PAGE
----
Cover Story


International Journal of Auditing – January 2010

The World Needs International Audit Standards

Claes Norgren

Claes Norgren
Auditor General of Sweden

Supreme audit institutions (SAI) play an important role in strengthening their respective countries’ accountability and governance. SAIs help their governments improve performance, enhance transparency, ensure accountability, fight corruption, promote public trust, and foster the efficient and effective receipt and use of public resources for their citizens. SAI work to reduce waste and abuse of public resources has the indirect effect of making more money available for programs to fight poverty.

SAIs are a central element of good governance and accountability. While their role as watchmen of transparency and accountability is obvious in certain countries, they can play an even more important role in promoting good governance in developing countries or fragile states. Therefore, SAI operations must set a good example as key development actors along with a system that includes a Parliament, freedom of the press, and public access to official records. Active involvement in INTOSAI is one way for SAIs to further develop their perspectives on their role in governance. Learning from the experiences of others also allows SAIs to strengthen this role. This has definitely been proven true in the Swedish experience.

Globalization has placed new demands on public policy. Political decisions must take international factors into account and adopt new forms to be efficient and make a difference. The same is true of auditing. Increased international exchanges today affect such areas as business deals, financial transactions, the transport of goods, the export of services, and taxation. The interaction between the private and public sectors has increased, and new dependencies have been created. The present financial crisis is definitely global in scope and, to a certain extent, has developed due to globalization. As Robert L. Bunting, President of the International Federation of Accountants (IFAC) has observed,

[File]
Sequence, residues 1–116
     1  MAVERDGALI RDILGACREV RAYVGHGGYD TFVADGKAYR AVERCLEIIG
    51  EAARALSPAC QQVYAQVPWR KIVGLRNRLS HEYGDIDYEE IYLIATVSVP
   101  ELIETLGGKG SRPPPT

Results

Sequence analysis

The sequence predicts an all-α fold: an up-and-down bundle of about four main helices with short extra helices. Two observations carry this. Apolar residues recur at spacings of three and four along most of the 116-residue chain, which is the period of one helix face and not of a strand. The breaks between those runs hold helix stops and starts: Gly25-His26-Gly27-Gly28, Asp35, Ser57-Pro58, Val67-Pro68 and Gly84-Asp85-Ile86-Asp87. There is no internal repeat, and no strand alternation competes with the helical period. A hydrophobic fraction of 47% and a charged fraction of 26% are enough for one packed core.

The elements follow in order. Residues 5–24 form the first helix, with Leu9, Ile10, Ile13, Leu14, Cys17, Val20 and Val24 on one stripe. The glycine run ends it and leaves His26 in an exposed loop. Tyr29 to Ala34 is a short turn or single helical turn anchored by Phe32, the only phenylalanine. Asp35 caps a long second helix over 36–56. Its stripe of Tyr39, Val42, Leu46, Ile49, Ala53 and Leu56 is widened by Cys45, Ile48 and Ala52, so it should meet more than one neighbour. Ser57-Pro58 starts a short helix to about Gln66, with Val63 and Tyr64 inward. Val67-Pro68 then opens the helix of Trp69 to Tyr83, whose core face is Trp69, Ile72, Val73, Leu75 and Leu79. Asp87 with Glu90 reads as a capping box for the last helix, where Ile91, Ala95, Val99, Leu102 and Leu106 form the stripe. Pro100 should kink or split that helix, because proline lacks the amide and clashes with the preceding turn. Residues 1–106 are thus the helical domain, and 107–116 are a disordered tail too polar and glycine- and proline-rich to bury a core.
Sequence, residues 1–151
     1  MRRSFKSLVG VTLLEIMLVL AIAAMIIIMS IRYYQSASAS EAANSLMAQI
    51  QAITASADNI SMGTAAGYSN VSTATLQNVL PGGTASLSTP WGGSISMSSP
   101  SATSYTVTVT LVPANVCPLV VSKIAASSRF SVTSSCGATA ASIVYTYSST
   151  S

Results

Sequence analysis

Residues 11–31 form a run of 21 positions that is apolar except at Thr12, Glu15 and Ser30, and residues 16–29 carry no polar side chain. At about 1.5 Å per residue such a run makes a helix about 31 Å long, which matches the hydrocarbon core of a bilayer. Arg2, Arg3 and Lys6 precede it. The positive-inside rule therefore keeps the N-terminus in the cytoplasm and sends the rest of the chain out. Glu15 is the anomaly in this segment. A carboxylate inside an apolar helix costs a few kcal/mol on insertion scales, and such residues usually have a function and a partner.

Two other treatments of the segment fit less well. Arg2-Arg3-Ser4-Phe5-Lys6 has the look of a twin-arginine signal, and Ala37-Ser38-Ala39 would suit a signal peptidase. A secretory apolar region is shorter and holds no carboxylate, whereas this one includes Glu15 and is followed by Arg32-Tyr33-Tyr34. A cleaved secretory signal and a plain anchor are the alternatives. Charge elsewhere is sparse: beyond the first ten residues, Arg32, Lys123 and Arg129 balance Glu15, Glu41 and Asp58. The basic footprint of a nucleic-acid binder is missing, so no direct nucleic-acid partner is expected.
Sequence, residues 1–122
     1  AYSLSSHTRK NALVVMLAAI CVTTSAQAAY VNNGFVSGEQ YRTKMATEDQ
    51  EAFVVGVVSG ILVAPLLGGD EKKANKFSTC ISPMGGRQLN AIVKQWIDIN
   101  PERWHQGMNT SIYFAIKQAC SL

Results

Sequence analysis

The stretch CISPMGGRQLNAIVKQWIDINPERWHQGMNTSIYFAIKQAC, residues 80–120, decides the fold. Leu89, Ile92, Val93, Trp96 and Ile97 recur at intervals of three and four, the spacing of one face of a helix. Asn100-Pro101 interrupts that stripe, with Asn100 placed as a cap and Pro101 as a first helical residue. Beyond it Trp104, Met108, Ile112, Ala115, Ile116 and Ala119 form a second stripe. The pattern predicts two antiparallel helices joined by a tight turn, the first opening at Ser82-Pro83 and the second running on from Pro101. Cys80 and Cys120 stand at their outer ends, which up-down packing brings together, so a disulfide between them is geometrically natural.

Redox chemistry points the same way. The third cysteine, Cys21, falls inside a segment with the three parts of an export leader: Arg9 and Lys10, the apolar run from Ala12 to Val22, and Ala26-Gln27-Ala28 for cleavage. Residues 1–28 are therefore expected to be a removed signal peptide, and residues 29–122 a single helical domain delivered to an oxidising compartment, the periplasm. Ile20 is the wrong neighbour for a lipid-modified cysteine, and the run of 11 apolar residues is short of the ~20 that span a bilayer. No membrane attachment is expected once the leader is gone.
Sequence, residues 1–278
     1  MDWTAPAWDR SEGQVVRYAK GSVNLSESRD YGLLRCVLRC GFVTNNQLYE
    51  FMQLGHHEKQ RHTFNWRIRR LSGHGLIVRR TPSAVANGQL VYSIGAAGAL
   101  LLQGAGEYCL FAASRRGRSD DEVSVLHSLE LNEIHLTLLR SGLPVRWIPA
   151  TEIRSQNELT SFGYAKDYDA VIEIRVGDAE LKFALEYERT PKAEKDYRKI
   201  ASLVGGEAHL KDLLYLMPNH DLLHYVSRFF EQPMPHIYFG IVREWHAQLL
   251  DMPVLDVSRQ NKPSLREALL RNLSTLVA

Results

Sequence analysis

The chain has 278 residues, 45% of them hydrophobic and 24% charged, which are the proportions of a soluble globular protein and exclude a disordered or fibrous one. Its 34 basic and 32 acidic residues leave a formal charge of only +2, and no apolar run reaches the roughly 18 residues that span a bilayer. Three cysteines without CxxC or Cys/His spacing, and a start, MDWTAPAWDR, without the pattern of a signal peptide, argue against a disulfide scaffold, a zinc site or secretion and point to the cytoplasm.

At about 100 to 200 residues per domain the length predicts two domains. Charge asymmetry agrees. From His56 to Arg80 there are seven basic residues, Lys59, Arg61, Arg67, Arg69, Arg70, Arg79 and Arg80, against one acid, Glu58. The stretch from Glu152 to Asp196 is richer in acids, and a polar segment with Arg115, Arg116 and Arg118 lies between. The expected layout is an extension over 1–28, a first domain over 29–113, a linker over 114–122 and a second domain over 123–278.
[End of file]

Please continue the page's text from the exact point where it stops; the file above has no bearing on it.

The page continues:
“Governments, standard setters, and the accounting profession need to collaborate closely if common high-quality standards in accounting and auditing are to be established, adopted, and well implemented. And that includes accounting standards for governments, many of which have become major investors in the private sector during the crisis.”

Finding joint international solutions is becoming increasingly important, a trend that is becoming evident in the field of auditing, where the auditor has to focus on what unites rather than what divides across borders and between sectors. The need to create financial and political stability is one common denominator, and harmonized global standards and auditor independence are important prerequisites for this. Thus, SAIs are facing new challenges in their important task of auditing the impact of actions carried out by the executive branches of government.

Public sector auditing has come under intensified scrutiny as its role in strengthening public management, follow-up, and control and supporting good governance has been increasingly recognized. Over the years, INTOSAI members have expressed a clear need for more robust and reliable auditing standards than what has been available to date. Furthermore, the World Bank has emphasized the importance of SAIs and the development of international standards for public sector auditing. INTOSAI has responded by not only pursuing the work on auditing standards but also involving the donor community in the cooperation. New claims from its own members, the donor community, and society at large have created a new and important context for developing auditing standards.